Despite our negative visceral reaction to PUGS, it’s important to storytelling. Proper PUGS minimizes distractions that errors can provide to readers and helps insure that the story is told in a smooth and comprehensible way.
We don’t have the time to go in-depth on the subject. However, I’m going to provide at least one tip in each of these areas, as well as an opportunity to practice your skills. Any blog reader is invited to participate, not just the writers.
Read on to the end of this post for an opportunity to win a signed copy of my most recent release, Frame Up.
Those little dinky commas can become major bugaboos. One of the most common mistakes I see with commas is using them to cobble together two or more complete sentences. I call these “comma splices,” and they produce cluttered and cumbersome prose.
Here’s what I’m talking about:
Chris’s throat tightened, it must be maddening to want to remember something, but only finding bits and pieces.
Lots of readers will tra-la-tra-loo straight over this bit of strung together narrative, but more readers than we can afford to annoy will not. There are three parts to this run-on sentence. Two of the bits fit together just fine as a sentence plus a parenthetical phrase, which requires keeping one of the commas where it is. The other segment belongs on its own as a full sentence. Therefore, one of these commas must go and be replaced by a period.
Here is a possible fix: Chris's throat tightened. It must be maddening to want to remember something, but only finding bits and pieces.
Another common comma issue is the run-on sentence or fused sentence, as some call it. These types of sentences are two or more complete sentences joined by a comma without a conjunction (and, but, or) or by no punctuation at all. A run-on sentence can be fixed either by separating the two halves completely with a period or by inserting a comma along with the appropriate conjunction (and, but, or). Confused yet?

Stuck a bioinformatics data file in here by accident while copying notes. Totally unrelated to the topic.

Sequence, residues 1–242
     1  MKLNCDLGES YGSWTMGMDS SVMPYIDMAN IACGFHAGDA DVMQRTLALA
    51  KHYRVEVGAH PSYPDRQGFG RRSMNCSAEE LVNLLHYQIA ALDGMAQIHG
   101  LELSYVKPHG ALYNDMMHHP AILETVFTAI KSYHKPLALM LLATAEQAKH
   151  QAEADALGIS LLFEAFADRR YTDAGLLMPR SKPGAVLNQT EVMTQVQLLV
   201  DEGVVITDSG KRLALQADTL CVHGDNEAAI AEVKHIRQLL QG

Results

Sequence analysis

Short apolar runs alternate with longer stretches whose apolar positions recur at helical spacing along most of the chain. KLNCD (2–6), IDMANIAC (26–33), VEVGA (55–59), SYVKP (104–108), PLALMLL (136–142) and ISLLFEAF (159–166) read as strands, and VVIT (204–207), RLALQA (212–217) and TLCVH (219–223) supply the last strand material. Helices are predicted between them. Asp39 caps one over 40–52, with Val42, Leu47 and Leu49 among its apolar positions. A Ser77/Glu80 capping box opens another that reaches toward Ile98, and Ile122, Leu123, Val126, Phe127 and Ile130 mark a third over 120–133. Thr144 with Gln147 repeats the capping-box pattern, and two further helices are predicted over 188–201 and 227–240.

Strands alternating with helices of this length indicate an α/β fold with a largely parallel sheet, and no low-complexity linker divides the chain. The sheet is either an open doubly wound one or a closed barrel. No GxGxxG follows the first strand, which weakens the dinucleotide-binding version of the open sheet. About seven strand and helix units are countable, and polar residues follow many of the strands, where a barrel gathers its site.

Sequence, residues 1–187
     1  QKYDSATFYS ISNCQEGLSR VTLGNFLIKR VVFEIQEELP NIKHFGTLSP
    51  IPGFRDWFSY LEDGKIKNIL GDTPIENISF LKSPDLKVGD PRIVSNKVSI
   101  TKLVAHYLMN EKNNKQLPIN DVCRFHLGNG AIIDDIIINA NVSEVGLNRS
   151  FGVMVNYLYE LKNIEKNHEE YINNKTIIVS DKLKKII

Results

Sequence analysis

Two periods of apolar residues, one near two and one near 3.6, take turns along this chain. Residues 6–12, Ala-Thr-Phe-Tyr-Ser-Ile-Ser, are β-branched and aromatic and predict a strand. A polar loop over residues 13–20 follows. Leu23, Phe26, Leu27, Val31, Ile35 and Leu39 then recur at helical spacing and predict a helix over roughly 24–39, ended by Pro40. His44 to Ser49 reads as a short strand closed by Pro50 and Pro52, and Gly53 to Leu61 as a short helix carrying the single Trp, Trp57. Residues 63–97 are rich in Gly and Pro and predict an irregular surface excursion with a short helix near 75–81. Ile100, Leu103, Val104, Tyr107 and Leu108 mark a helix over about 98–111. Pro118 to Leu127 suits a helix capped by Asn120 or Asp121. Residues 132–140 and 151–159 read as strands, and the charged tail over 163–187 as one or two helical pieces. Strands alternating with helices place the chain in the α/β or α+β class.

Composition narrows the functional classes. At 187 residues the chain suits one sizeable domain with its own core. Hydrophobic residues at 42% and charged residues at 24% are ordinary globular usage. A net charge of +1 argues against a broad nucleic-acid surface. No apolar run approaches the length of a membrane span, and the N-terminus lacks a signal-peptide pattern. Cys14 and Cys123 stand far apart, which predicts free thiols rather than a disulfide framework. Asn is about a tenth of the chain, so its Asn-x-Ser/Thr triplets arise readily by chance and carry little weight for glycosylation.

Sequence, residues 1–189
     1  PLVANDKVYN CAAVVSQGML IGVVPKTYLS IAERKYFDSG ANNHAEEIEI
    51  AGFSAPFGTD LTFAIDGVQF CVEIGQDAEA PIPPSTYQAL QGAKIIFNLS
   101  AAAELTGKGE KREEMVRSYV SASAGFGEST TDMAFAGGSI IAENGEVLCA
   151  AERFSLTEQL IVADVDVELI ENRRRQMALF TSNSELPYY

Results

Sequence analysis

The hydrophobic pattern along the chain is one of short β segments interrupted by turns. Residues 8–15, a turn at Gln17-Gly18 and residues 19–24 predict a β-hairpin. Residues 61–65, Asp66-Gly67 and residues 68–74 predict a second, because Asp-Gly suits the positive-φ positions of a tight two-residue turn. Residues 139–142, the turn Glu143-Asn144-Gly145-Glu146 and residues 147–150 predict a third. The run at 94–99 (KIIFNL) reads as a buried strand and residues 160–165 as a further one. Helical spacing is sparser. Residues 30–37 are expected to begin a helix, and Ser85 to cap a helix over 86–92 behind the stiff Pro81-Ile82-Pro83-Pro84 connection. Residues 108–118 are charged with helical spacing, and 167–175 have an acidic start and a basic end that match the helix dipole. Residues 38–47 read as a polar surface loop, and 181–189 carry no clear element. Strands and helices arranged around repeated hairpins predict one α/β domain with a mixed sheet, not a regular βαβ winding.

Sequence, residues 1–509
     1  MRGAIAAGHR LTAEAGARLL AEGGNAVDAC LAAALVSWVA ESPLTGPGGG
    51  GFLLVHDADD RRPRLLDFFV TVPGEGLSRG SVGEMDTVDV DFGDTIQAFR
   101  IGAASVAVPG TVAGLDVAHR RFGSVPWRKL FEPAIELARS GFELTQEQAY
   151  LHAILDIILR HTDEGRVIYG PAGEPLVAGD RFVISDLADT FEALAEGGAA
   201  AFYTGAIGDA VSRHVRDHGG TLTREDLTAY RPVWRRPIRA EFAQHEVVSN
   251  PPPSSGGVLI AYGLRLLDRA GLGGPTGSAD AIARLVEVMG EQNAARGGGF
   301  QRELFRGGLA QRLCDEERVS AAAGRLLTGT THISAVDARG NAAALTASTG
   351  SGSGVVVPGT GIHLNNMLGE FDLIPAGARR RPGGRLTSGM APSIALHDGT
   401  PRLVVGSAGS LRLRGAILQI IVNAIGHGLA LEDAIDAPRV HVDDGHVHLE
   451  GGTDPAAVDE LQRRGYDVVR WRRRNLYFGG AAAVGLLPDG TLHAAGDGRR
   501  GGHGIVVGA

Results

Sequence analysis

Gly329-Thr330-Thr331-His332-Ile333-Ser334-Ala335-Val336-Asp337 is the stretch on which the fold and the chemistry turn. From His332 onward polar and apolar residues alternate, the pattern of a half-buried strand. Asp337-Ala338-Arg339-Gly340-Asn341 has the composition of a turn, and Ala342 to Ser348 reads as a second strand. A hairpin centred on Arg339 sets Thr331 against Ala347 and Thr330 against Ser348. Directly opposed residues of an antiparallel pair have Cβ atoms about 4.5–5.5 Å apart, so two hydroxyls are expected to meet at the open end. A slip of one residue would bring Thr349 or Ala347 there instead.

Here are a few examples:
Error: The outdoor chill began to dominate the interior of the vehicle, he started the engine.
Correction: The outdoor chill began to dominate the interior of the vehicle, and he started the engine. Or, The outdoor chill began to dominate the interior of the vehicle. He started the engine.
I prefer the first of the two suggested corrections, because it’s less choppy. An exception to that preference might be during a scene when such choppiness might feed the atmosphere of suspense.
Error: I wanted to go to the zoo we went to the mall instead.
Correction: I wanted to go to the zoo, but we went to the mall instead.
Here is an opportunity to practice. I invite you to fix the following run-on sentences:
1. The door began to open, a hand bearing a gun poked inside.
2. Chris’s hand folded over hers the warmth comforted her heart.
3. She should want to hug David, she’d rather slap him.
One of the most common usage issues that I run across concerns a mix-up about when to use “I” or “me.”
She wanted to see Steve and I.
If you remove the words, “Steve and,” it becomes clear that the correct pronoun in this instance is “me.”
On the other hand, it would be correct to say: Steve and I wanted to see her. You verify that by removing “Steve and.” The incorrect construction would be: Steve and me wanted to see her.
Another issue I see frequently is lack of subject and verb agreement in regard to singular or plural usage.
Each of the men are likely to take offense.
Each is singular; therefore, the verb must agree with it. The sentence should be: Each of the men is likely to take offense.
I challenge you to fix the following errors:
1. Which of the movies are showing?
2. All except Tim is going along.
3. One of the athletes were disqualified.